Did you ever have a "non-day"? Or possibly even a "non-week"? Days when your mind felt fuzzy and you were not able to concentrate? Everyone has days like that, and for some reason they are very common among graduate students. Sometimes a day when you were supposed to get a lot done goes by without the single trace of tangible result. You know you want to be more productive, but how can you be when it is difficult to get your mind to focus?
It turns out that the thing that is toughest to do is what will get your mind to open up: writing. Just when you think there is no way you can write a sentence for a manuscript, presentation or thesis, the act of writing is the best medicine. By writing, I do not necessarily mean work-related writing, but journaling. Ideas are born with writing, and if you begin putting ideas on paper about anything at all (it does not even need to be grammatically or stylistically correct), sentences will soon pour out of you.
One of the reasons that journaling is so effective, is that it will bring underlying personal issues to your awareness. During journaling you might realize errands that need to be taken care of or personal ides that must be dealt with before you can concentrate on your work. It is also common for to-do's to arise while you are writing because our minds like to wander, especially when we are faced with a challenge. I usually keep a little notepad next to my computer and write the to-do's on it to attend to after I finished writing (sometimes by then they do not seem so urgent).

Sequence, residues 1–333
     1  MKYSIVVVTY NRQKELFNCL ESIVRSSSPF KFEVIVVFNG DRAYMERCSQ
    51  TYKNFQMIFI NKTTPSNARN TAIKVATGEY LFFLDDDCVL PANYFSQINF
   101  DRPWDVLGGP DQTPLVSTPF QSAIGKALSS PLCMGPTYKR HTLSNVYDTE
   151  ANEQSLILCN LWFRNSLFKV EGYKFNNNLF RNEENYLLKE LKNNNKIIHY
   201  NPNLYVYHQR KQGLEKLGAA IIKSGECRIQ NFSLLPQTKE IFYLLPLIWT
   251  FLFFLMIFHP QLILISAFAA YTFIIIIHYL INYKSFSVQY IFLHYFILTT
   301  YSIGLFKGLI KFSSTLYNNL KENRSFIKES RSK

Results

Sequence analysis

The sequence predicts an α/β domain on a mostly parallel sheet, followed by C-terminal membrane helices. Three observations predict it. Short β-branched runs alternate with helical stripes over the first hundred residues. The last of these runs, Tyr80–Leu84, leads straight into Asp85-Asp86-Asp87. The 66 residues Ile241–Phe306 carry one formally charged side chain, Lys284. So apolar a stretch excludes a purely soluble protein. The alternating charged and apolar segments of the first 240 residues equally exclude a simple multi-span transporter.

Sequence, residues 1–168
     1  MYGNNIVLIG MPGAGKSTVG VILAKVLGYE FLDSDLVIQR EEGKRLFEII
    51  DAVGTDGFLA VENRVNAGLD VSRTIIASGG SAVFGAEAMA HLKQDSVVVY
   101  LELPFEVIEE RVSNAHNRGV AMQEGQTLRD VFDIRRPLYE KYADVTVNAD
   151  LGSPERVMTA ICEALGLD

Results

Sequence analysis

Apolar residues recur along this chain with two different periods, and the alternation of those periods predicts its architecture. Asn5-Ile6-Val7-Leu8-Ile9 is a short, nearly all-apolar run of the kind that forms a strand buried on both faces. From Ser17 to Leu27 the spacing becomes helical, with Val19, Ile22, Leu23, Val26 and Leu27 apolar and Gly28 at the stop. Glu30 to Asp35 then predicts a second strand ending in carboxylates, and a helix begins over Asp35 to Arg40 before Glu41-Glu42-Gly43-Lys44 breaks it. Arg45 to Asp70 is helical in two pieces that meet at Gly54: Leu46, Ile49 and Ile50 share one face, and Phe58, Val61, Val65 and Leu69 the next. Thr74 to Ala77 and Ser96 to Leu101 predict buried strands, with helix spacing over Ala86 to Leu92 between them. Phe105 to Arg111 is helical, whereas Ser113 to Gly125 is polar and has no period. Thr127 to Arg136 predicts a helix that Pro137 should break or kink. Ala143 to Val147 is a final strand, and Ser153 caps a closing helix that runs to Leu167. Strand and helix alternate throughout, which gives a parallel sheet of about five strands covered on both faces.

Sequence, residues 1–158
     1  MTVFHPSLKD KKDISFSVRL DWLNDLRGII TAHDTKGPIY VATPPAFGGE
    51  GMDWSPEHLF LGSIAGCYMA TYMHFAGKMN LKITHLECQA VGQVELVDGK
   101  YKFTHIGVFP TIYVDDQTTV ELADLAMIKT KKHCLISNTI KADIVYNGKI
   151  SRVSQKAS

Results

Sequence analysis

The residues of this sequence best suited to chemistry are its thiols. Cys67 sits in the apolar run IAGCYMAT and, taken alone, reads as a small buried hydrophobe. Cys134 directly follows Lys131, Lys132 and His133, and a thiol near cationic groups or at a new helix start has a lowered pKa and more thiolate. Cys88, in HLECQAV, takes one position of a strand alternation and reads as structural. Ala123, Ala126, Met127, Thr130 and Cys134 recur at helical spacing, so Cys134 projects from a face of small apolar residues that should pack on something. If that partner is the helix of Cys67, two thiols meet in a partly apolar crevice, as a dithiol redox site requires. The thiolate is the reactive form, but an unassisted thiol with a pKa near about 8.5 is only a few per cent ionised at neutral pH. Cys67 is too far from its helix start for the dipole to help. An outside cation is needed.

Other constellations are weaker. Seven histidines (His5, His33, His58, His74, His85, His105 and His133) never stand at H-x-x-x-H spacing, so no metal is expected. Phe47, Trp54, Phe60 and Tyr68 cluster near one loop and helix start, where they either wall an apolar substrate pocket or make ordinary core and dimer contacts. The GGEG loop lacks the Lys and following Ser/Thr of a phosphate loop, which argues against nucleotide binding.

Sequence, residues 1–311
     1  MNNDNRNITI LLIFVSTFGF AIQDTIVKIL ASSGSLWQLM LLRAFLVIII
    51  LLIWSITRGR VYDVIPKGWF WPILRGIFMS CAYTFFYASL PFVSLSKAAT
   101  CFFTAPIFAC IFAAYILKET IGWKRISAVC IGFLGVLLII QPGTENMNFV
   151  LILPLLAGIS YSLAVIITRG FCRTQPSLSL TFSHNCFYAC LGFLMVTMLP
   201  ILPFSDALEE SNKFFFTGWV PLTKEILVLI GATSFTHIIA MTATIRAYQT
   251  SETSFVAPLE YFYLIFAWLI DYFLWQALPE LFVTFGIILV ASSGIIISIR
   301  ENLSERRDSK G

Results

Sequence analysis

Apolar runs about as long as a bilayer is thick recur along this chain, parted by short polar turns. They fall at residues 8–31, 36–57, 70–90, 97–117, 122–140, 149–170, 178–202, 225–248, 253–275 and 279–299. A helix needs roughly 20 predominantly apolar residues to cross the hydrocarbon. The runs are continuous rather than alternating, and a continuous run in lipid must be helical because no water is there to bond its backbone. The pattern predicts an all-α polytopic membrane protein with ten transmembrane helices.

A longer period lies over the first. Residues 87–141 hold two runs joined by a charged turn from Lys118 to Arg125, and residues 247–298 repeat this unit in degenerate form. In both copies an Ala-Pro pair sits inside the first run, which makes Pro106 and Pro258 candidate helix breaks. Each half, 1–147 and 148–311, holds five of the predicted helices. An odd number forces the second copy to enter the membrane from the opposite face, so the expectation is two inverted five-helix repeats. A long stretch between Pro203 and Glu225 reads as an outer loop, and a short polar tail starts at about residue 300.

Journaling is also a great tool to help you get organized for studies or experiments. Writing will clear your mind, get your thoughts in order, and (most importantly) get ideas on paper. A good rule of thumb for journaling is two pages a day. Just put anything on the paper so you can keep writing. It will work.
Are you struggling with writing blocks? Have you found journaling useful (or useless)? We would love to hear from you! Simply click the orange reply button at the end of this post.
Wishing you the best,
Dora Farkas, PhD, Founder, PhDNet